“The good news is that the first African American is being sworn in as president that that means the media will talk about race. The bad news is that the first African American is being sworn in as president and that means the media will talk about race. We really are not that good at that good at this. Notice I said ‘we’? Ok a little humility here is in order. Why do we so often fail at talking well about this most important of topics? Well, Princeton Professor Melissa Harris-Lacewell will be here to talk about….”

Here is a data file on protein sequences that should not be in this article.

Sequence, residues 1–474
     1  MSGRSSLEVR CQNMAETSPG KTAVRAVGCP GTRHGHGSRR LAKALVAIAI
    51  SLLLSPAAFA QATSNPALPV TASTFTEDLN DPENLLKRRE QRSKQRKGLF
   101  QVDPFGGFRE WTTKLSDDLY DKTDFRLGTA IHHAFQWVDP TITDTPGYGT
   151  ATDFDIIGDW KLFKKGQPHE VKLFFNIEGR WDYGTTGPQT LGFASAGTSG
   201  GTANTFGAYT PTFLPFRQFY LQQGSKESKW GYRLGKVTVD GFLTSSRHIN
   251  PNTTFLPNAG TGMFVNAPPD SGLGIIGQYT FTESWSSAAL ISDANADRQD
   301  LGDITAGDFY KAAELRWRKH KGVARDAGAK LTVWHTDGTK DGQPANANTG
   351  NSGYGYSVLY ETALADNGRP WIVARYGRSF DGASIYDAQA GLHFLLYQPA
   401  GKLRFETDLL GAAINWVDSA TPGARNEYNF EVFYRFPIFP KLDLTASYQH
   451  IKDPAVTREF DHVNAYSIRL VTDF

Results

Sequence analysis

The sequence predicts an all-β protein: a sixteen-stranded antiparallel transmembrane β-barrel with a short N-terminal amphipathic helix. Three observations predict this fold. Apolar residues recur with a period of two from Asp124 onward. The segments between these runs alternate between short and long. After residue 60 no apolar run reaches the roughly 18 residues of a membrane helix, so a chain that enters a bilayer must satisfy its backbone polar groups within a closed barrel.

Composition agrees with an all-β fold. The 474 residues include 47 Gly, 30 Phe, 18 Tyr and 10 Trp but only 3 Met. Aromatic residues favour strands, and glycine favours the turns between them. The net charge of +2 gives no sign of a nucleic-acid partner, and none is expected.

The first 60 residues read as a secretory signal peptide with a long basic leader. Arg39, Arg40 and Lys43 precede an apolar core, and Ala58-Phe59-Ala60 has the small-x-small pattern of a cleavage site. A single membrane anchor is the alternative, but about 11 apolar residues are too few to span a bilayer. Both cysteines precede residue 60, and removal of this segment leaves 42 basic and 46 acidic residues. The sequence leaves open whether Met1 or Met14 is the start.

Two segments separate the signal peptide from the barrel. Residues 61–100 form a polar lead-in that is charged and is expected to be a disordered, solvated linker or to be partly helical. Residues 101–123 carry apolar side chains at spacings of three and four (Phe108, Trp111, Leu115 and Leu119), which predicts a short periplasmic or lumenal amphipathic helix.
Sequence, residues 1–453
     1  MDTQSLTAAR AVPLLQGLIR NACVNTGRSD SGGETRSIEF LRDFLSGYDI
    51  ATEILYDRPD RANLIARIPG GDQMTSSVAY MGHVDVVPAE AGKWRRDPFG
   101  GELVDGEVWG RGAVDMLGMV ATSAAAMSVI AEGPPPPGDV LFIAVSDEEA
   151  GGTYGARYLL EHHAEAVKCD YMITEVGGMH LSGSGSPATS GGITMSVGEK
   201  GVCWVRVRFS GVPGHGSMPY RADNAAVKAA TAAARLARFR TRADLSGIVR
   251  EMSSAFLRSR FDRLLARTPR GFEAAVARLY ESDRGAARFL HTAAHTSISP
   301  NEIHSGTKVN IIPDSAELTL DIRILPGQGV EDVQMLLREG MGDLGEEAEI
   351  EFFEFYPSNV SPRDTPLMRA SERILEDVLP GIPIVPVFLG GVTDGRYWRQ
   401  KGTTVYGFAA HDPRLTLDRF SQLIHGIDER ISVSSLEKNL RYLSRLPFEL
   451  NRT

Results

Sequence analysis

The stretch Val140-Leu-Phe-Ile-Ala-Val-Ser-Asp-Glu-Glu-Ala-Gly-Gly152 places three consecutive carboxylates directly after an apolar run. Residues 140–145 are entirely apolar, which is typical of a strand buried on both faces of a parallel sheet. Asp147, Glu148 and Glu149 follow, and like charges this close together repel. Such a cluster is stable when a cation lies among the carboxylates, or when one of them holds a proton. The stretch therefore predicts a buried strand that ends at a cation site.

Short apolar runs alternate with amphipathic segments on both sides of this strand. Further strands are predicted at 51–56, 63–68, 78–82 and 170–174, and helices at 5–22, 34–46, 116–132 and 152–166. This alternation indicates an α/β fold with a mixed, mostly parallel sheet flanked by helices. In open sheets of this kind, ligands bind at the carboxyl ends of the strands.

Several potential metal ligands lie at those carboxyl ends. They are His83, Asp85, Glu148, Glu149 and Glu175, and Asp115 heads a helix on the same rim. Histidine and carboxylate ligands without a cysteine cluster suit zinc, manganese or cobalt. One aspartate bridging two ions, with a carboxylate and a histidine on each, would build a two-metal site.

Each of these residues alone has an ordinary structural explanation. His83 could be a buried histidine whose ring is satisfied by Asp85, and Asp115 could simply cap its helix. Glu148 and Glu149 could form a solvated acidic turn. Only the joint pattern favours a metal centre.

In the rest of the cringe-worthy interview, Maddow asks Harris-Lacewell if the Obama inauguration ushers in a ‘grace period’ for whites in talking about race.   Harris-Lacwell deftly handles the Maddow’s quesiton, acknowledging that black people always have a ‘grace period’ in place for talking to white people about race, “we get asked about our hair, that sort of thing” she said.  As refreshing as it is to see any African American woman consulted as an expert on one of the major networks (and Harris-Lacewell is extremely smart and telegenic), Maddow’s clumsy forays into discussions of race are telling.   Like her counterparts, the other white journalists at The New York Times and the Washington Post, Maddow still approaches the subject of race from within the white racial frame.  Within this frame it is only blacks who “have race” and thus, whites need blacks to come on the show to educate the uncomfortable and unenlightened white host.  I have to confess that I’m a huge fan of Maddow’s (she’s wicked smart, the first out-lesbian Rhodes Scholar and holds a Ph.D. in Political Science from Oxford), so it pains me to see her struggle so publicly with this blind spot.  In my view, Maddow has a tremendous opportunity to lead the way for white liberals and show them how to get smart about issues of race and racism.